3:12 pm

March 5, 2021

Hello,

I got a mortgage in November for the first time in my life and am having trouble determining how they determined the first interest calculation. Mortgage facts are below:

Principal amount: $268,000.00

Annual interest rate: 1.84%, Interest is compounded semi annually and charged both when a transaction is processed and at the end of each month.

APR: 1.865%

Payments are bi-weekly, starting Dec 4, 2020. Bi-weekly payments total $582.52 ($512.30 instalment of P&I + $70.22 Insurance)

Amortization: 25 years, 5 years fixed

Date of advance: November 6, 2020

My mortgage paperwork states that the first payment of $335.50 is due on Dec 1, 2020 and consists of interest only from the date of advance and the start date of the term.

My question is: how did the bank calculate the $335.50 in interest?

Thank you!

3:52 pm

December 12, 2009

Lg419 said

Hello,I got a mortgage in November for the first time in my life and am having trouble determining how they determined the first interest calculation. Mortgage facts are below:

Principal amount: $268,000.00

Annual interest rate: 1.84%, Interest is compounded semi annually and charged both when a transaction is processed and at the end of each month.

APR: 1.865%Payments are bi-weekly, starting Dec 4, 2020. Bi-weekly payments total $582.52 ($512.30 instalment of P&I + $70.22 Insurance)

Amortization: 25 years, 5 years fixed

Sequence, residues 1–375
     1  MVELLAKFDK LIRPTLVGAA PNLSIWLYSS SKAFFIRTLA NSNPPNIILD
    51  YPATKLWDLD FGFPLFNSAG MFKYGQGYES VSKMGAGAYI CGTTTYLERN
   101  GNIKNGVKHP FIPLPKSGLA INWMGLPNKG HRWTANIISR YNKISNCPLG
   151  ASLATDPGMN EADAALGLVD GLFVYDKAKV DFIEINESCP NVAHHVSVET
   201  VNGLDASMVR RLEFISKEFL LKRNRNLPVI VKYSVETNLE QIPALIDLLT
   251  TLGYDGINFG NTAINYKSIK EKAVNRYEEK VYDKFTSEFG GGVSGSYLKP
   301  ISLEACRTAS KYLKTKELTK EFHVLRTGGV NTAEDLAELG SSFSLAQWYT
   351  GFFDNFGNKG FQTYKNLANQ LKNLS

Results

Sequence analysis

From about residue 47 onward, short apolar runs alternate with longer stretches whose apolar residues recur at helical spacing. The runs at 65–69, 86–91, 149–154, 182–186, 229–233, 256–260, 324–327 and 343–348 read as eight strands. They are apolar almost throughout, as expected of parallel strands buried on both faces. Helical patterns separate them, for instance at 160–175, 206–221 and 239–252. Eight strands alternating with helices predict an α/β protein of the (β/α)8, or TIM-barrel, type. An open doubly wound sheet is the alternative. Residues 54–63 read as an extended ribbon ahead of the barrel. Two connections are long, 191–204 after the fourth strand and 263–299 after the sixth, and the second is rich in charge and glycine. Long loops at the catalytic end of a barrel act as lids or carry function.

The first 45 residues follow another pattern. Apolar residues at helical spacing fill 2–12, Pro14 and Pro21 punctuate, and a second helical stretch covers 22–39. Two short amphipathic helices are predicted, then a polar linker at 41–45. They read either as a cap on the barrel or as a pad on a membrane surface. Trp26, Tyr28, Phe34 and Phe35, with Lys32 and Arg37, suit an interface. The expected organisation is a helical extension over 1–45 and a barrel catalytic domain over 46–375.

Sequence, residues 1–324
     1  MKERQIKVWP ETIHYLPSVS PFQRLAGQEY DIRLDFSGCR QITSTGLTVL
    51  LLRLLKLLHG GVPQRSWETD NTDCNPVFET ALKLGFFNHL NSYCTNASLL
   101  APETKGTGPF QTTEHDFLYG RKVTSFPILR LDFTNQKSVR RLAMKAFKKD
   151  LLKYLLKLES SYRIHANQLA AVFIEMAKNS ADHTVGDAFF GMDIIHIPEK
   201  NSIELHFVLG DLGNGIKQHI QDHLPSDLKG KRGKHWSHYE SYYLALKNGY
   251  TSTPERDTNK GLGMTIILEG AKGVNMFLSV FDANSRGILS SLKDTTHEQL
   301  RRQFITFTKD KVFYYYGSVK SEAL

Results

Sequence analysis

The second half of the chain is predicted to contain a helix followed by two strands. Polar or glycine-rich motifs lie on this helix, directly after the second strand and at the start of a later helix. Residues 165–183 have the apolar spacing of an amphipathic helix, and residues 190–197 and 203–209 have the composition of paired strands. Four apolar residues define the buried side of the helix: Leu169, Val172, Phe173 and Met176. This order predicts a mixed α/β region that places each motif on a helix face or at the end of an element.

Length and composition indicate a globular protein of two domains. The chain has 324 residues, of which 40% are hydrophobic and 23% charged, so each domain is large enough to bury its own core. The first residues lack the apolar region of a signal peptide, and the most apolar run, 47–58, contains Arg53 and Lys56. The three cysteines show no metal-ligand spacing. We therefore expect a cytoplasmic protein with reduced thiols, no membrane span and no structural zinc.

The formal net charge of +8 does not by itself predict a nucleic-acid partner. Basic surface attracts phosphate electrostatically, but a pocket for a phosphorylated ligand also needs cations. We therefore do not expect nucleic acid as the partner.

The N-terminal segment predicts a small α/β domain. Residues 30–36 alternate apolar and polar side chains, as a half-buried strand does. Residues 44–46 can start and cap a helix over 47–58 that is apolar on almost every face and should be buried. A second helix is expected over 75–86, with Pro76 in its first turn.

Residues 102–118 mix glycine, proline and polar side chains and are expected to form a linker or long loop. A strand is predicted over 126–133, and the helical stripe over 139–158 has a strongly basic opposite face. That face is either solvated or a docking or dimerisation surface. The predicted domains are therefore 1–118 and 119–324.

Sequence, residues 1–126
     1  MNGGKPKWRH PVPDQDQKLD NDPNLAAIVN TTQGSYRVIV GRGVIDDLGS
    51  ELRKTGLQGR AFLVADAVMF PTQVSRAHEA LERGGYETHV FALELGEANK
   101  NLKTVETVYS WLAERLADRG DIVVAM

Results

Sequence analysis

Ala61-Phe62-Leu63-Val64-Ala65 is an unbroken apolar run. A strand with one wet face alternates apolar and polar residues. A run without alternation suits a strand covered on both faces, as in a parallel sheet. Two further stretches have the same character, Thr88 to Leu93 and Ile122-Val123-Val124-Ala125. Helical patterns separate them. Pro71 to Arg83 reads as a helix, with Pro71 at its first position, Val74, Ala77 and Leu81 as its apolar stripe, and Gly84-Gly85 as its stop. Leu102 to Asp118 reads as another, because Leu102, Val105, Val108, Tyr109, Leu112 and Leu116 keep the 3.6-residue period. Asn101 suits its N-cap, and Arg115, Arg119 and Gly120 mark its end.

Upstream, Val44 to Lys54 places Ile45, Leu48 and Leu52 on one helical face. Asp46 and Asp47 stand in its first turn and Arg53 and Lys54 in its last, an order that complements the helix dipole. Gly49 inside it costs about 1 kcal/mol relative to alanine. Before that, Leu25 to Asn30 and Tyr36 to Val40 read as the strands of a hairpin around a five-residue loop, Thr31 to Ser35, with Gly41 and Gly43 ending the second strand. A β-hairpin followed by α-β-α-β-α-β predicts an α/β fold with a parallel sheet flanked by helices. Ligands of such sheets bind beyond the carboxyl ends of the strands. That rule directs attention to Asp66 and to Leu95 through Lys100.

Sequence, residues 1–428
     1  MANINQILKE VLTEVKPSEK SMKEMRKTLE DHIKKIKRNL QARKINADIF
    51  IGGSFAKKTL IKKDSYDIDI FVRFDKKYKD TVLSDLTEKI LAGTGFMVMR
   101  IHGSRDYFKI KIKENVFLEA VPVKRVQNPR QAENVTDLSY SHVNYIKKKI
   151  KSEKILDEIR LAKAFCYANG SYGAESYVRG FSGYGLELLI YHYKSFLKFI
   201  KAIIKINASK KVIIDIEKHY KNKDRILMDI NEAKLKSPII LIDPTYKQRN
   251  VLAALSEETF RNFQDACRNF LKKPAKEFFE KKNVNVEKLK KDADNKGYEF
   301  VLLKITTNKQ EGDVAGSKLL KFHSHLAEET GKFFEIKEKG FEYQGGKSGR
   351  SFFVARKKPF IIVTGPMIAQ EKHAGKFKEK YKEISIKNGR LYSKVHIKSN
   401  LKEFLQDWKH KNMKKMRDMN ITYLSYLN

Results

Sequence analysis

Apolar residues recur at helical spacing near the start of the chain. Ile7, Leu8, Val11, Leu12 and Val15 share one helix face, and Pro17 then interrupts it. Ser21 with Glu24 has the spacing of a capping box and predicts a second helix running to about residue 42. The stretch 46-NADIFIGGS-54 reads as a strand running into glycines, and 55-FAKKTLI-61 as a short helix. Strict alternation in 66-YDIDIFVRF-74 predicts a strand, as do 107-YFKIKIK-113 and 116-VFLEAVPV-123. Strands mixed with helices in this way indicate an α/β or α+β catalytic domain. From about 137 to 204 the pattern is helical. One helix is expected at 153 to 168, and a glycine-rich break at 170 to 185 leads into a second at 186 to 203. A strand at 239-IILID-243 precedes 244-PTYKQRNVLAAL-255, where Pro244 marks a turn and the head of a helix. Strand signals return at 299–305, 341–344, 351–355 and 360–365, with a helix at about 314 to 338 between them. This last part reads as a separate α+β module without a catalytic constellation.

Date of advance: November 6, 2020My mortgage paperwork states that the first payment of $335.50 is due on Dec 1, 2020 and consists of interest only from the date of advance and the start date of the term.

My question is: how did the bank calculate the $335.50 in interest?

Thank you!

Good question! It should just be calculated on the daily closing balance of the mortgage at the prevailing annual interest rate divided by 365 days (366 in a leap year), much like GIC interest rates are calculated.

If looking at an amortization table showing the payments and the declining balance outstanding with every payment, you just need to keep in mind that as you pay down your mortgage, there's less principal outstanding.

I'm not quite sure if this is exactly what you're looking for, but in short, I'd probably just recommend sticking to amortization calculators and let them do that for you.

**Edit:** Your interest payment will always be larger at the start of your mortgage, as you have more principal outstanding. As you pay more of it down, you will notice that more of your payment goes towards your principal, and as your mortgage is nearly paid off, very little goes to interest. It's kind of deflating at the start of one's mortgage knowing that probably like 90% of their biweekly payments go towards interest, but when you think about it more simply you're essentially in a rent-to-own relationship with your "landlord" (i.e., the bank or mortgage company), who returns a small sliver of equity in the home with every payment. With every payment, it returns a larger sliver of equity, and, near the end of your mortgage, your "landlord" keeps very little for itself. At the end of your mortgage, your "landlord"'s name is kicked off the title for the property, and you no longer have a "landlord" as you own the property outright.

Hope that helps,

Doug

4:10 pm

September 7, 2018

10:11 pm

March 5, 2021

Norman1 said